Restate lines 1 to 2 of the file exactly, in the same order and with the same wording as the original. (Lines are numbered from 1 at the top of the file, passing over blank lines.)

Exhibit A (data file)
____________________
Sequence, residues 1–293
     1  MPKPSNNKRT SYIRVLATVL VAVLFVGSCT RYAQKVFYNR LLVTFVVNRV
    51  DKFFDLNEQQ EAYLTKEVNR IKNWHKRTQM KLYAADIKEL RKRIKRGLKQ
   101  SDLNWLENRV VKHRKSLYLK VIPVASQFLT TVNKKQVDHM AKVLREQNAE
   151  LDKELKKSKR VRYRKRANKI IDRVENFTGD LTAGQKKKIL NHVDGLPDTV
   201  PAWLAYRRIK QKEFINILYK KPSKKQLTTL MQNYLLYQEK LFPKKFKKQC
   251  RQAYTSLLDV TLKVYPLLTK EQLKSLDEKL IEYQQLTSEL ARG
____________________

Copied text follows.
Sequence, residues 1–293
     1  MPKPSNNKRT SYIRVLATVL VAVLFVGSCT RYAQKVFYNR LLVTFVVNRV